Revell 1/144 Airbus A.321-100




 MSRP $13.25


One version: Lufthansa


Scott Van Aken




It used to be that when one thought of airliners, it was Boeing or McDonnell/Douglas that came to mind. It seemed that everywhere you looked, these companies had a strangle hold on the industry. About 20 years ago, the Europeans felt that they could build an aircraft to compete with the American giants and Airbus Industries was born. Starting with the A.300, they got a hold in the medium range market and have since become a real challenger to Boeing for the world's airliner market. 

One of the more recent is the A.321. Like the A.318 and A.319, it uses the same basic wings and tail of the A.320, but has a different fuselage length. The A.321 is the longest of the series and though, like the A.320 is a short to medium range aircraft, has the ability of carrying between 185 to 220 passengers. Like the earlier Airbus airliners the A.321 has fighter-like controls consisting of a side stick control similar to the F-16 rather than the more typical center mounted control wheel. It also has a 'glass cockpit' and fly by wire controls. The version built for Lufthansa uses V 2500 engines while others can use Rolls Royce or CFM designed engines.


This is the first Revell of Germany airliner that I have seen. It is a very nice looking kit and one that appears to be simple to build. You will notice from the sprues that another engine version is available, though that has not been provided for in this kit, just the V2500 engines.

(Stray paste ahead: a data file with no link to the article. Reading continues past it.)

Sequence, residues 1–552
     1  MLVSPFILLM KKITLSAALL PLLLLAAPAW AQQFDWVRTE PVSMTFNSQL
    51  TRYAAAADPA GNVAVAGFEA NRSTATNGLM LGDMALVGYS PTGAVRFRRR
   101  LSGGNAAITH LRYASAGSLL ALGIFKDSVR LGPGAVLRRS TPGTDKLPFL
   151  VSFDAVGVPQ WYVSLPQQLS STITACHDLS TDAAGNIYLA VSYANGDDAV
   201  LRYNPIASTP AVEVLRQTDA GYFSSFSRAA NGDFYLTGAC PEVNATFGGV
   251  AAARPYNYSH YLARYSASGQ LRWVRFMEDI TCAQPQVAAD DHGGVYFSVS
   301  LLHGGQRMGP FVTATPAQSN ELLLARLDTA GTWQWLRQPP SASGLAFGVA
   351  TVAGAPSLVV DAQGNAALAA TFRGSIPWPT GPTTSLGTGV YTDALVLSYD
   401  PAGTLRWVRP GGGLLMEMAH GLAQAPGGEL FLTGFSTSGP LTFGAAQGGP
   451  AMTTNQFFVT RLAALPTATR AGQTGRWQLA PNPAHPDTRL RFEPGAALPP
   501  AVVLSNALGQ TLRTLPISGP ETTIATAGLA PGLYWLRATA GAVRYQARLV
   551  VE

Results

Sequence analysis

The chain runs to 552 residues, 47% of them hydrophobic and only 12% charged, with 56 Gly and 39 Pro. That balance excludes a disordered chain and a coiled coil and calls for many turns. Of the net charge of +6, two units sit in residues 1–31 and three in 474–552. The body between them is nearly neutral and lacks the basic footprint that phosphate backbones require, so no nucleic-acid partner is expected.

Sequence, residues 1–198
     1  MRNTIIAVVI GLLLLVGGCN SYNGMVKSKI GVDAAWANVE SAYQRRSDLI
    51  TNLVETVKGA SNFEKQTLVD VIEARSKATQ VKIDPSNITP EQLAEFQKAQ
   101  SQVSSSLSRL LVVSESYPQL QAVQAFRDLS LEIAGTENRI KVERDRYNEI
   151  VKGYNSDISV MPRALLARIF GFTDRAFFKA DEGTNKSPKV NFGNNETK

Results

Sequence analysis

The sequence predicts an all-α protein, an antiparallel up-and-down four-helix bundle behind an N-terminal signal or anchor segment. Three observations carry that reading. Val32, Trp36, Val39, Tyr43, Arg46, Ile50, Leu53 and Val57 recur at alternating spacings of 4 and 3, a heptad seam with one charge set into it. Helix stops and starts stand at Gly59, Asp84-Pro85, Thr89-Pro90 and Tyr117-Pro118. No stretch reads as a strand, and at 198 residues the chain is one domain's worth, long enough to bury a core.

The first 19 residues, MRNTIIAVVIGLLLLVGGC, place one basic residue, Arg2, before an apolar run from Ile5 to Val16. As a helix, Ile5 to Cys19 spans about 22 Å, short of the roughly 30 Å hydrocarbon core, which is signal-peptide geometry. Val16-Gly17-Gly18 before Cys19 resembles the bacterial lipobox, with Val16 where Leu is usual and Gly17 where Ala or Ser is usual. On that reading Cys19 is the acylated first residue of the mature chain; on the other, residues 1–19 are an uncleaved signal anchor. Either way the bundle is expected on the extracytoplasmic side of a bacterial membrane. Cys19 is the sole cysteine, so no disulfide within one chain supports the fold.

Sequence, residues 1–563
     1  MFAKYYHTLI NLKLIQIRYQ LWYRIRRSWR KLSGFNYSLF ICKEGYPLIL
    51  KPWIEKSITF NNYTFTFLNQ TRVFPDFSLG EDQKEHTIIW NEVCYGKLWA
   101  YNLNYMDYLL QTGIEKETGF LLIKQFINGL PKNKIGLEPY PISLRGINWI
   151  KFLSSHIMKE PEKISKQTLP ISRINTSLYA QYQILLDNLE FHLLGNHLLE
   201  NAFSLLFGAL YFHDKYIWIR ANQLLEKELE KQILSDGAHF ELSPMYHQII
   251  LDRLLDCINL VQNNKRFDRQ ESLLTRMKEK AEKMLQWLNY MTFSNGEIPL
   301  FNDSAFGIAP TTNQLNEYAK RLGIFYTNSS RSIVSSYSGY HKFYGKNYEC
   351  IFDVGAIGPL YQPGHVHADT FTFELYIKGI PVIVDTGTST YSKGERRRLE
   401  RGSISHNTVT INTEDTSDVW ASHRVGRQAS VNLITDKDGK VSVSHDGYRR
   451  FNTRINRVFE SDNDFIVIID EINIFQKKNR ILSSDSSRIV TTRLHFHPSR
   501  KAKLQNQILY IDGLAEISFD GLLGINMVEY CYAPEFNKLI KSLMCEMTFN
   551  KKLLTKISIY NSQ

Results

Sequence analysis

The kit gives options for being built gear up though there is no display stand provided. The moldings are well up to today's standards with nicely engraved detailing in the white plastic. There is only one clear part provided and that is for the cockpit windscreen. There is no interior of any kind, which is quite typical of 1/144 airliners. This brings me to a point.

Most airliner modelers would prefer to have a smooth fuselage that is devoid of windows. This is because most of us use aftermarket decals and so also use window decals. In order to use those decals with this kit, the cabin windows will have to be filled and filed smooth. A rather daunting task considering not only the number of windows but that they are open. This will mean extra work. Minicraft has designed their airliners without cabin windows and that is to be applauded. I would hope that Revell takes notice of this trend and would start to produce their next new airliner kits with this in mind.

The decals are for two nearly identical Lufthansa aircraft and are quite complete. I have had mixed feelings about Revell AG's decals, but there look to be quite usable. The paint scheme is simple for an airliner consisting of only a blue tail outside of the normal grey/white airliner colors. The instruction sheet is quite complete and written in a multitude of languages. The color chart gives generic names and refers to Humbrol colors.

Overall it looks like a very nice model and one that will be getting a lovely aftermarket livery!

Review kit courtesy of me and my credit card!

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